Aristobulus of Britannia

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Aristobulus of Britannia (Full title, in Greek: Aghios Apostolos Aristovoulos, Martyras, kai Protos Episkopos Vretannias; Welsh: Arwystli Hen Episcob Cyntaf Prydain; Latin: Sanctus Aristobulus Senex, Apostolus, Martyr, Episcopus Primus Britanniae; English: Saint Aristibule the Old, Apostle, Martyr, and First Bishop of Britain. Also, Aristobulus, Apostle to Britain) is a saint of Roman Catholicism and Orthodox Christianity, named by Hippolytus of Rome as one of the Seventy Disciples, and the first bishop in Roman Britain.[1]

Texts[edit]

Hippolytus of Rome lists "Aristobulus, bishop of Britain" among the seventy disciples.[1]

Aristobulus may be mentioned in the New Testament in the Epistle to the Romans (Romans 16:10: "...Salute them which are of Aristobulus' household") though this may mean Aristobulus IV.[2] [3]

Traditions[edit]

Aristobulus preached and died in Roman Britain.[4][2] Where orthodox tradition says he "died in peace",[5] Catholic tradition says he was martyred.[2]

Orthodox tradition say he was the brother of the Apostle Barnabas, of Jewish Cypriot origin,[4] and like Barnabas accompanied Saint Paul on his journeys.[4] He was one of the assistants of Saint Andrew,[6] along with Urban of Macedonia, Stachys, Ampliatus, Apelles of Heraklion and Narcissus of Athens. On his missionary journey to Britain, he stopped to preach to the Celtiberians of northern Hispania.[citation needed]

Catholic tradition identifies Aristobulus with Zebedee, father of James and John.[2]

Dubious later conjectures identify Aristobulus with one of the medieval Welsh saints Arwystl: Arwystl the Aged, an early missionary, or Arwstyl ap Cunedda, after whom Arwystli is named.[7]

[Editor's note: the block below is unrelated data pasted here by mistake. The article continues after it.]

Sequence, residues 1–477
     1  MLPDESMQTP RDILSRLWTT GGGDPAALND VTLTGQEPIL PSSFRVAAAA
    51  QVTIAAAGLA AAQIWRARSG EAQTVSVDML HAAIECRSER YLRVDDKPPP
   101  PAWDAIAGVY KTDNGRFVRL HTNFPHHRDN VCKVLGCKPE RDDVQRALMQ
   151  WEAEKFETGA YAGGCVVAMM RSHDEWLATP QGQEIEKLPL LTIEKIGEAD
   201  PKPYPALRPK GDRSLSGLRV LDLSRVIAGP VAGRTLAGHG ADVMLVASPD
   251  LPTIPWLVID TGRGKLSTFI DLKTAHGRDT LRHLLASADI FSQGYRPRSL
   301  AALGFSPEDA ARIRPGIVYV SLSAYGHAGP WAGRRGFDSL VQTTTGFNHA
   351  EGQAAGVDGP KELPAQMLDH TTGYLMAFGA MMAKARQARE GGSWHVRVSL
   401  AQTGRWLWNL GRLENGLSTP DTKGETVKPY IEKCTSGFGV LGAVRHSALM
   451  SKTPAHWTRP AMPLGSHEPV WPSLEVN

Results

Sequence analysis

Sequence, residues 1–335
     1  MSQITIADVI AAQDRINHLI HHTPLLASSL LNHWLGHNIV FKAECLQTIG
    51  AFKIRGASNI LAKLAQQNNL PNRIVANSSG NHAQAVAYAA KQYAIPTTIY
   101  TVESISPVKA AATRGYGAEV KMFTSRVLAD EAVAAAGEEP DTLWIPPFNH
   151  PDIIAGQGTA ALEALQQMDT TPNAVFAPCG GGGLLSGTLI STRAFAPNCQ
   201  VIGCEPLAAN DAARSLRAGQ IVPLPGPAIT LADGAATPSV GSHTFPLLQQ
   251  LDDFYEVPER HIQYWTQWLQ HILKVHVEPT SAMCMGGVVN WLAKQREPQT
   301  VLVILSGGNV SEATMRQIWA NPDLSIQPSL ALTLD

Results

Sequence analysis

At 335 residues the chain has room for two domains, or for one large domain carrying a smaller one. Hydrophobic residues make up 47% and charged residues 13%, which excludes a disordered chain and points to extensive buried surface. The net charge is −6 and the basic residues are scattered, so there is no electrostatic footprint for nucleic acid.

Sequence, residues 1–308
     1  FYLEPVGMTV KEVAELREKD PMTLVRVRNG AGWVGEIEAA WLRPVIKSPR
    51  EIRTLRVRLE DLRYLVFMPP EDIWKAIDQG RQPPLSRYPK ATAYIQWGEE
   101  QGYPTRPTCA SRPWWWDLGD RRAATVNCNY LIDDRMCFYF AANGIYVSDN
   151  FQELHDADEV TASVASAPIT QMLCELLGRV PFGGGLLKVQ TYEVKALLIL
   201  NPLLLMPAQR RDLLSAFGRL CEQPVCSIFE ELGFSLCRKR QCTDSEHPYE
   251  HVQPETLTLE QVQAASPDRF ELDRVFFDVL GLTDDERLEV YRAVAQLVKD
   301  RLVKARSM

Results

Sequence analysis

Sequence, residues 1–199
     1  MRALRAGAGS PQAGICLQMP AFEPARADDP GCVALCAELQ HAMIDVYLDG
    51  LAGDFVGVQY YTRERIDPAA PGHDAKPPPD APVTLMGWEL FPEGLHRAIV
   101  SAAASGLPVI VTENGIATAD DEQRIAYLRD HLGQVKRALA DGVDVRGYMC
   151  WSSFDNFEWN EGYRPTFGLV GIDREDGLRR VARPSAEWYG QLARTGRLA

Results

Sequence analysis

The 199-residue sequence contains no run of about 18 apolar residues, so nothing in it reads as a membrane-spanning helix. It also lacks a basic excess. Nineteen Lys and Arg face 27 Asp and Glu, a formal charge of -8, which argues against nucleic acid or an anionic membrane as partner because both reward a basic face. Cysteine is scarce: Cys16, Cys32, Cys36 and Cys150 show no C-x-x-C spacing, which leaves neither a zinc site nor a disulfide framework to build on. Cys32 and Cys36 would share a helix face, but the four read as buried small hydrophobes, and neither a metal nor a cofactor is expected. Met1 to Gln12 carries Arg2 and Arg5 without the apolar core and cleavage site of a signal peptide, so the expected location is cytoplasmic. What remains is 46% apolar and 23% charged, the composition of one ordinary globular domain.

Commemorations[edit]

In the Eastern Orthodox Church liturgical calendar, Aristobulus' personal feast day is 15 March.[4] He is also one of the saints commemorated on 4 January (feast of the Seventy Disciples)[8] and on 31 October (feast of the assistants of Saint Andrew).[5]

In the Roman Catholic liturgical calendar, his feast is 15 March.[2]

References[edit]

  1. ^ a b Pseudo-Hippolytus. "CHURCH FATHERS: On the Apostles and Disciples". New Advent. Retrieved 15 July 2012. 
  2. ^ a b c d e "St. Aristobulus". Saints & Angels. Catholic Online. Retrieved 15 July 2012. 
  3. ^ Carrington, Philip (2011-08-11). The Early Christian Church: Volume 1, The First Christian Church. Cambridge University Press. p. 149. ISBN 9780521166416. Retrieved 15 July 2012. 
  4. ^ a b c d "Apostle Aristobulus of the Seventy the Bishop of Britain". Calendar of Saints. Orthodox Church in America. Retrieved 15 July 2012. 
  5. ^ a b "Apostle Aristobulus of the Seventy". Calendar of Saints. Orthodox Church in America. Retrieved 15 July 2012. 
  6. ^ "Saint Aristobulus, Apostle of Britain", Orthodox Outlet for Dogmatic Enquiries
  7. ^ Baring-Gould, S.; Fisher, John (2005-06-30). The Lives of the British Saints: The Saints of Wales, Cornwall and Irish Saints. Kessinger Publishing. p. 175. ISBN 9780766186798. Retrieved 15 July 2012. 
  8. ^ "Apostle Aristobulus of the Seventy". Calendar of Saints. Orthodox Church in America. Retrieved 15 July 2012. 

Sources[edit]